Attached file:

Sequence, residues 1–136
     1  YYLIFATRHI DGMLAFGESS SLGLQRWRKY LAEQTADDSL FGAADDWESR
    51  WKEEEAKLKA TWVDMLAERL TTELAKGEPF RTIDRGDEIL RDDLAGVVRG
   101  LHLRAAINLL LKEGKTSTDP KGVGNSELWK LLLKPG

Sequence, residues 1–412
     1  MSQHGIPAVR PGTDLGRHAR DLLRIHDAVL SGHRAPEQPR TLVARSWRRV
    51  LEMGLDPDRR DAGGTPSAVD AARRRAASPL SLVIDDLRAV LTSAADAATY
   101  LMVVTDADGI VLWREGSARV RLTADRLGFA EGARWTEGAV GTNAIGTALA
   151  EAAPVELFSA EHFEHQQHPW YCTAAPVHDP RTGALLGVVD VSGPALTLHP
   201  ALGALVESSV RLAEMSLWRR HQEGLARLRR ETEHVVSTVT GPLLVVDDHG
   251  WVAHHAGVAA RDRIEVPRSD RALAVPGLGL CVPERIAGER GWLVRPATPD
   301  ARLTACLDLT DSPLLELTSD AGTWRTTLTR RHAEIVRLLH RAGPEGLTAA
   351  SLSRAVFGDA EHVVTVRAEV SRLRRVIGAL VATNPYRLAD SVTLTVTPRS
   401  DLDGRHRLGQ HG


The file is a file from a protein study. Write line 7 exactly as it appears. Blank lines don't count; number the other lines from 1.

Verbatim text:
    51  LEMGLDPDRR DAGGTPSAVD AARRRAASPL SLVIDDLRAV LTSAADAATY